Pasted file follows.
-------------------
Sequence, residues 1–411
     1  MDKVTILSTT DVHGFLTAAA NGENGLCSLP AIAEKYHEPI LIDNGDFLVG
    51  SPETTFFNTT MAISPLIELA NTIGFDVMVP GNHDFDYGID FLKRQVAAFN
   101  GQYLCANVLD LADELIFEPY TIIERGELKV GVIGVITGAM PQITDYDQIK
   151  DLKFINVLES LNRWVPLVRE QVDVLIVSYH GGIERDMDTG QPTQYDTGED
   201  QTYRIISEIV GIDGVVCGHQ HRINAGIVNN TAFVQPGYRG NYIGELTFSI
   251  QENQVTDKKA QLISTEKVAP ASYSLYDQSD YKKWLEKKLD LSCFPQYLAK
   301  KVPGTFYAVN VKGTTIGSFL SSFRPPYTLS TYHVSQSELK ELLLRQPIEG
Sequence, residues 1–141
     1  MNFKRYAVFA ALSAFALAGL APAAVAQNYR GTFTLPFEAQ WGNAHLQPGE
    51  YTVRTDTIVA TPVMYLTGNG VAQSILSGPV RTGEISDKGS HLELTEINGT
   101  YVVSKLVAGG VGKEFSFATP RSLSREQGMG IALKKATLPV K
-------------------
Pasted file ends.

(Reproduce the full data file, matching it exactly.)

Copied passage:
Sequence, residues 1–411
     1  MDKVTILSTT DVHGFLTAAA NGENGLCSLP AIAEKYHEPI LIDNGDFLVG
    51  SPETTFFNTT MAISPLIELA NTIGFDVMVP GNHDFDYGID FLKRQVAAFN
   101  GQYLCANVLD LADELIFEPY TIIERGELKV GVIGVITGAM PQITDYDQIK
   151  DLKFINVLES LNRWVPLVRE QVDVLIVSYH GGIERDMDTG QPTQYDTGED
   201  QTYRIISEIV GIDGVVCGHQ HRINAGIVNN TAFVQPGYRG NYIGELTFSI
   251  QENQVTDKKA QLISTEKVAP ASYSLYDQSD YKKWLEKKLD LSCFPQYLAK
   301  KVPGTFYAVN VKGTTIGSFL SSFRPPYTLS TYHVSQSELK ELLLRQPIEG
Sequence, residues 1–141
     1  MNFKRYAVFA ALSAFALAGL APAAVAQNYR GTFTLPFEAQ WGNAHLQPGE
    51  YTVRTDTIVA TPVMYLTGNG VAQSILSGPV RTGEISDKGS HLELTEINGT
   101  YVVSKLVAGG VGKEFSFATP RSLSREQGMG IALKKATLPV K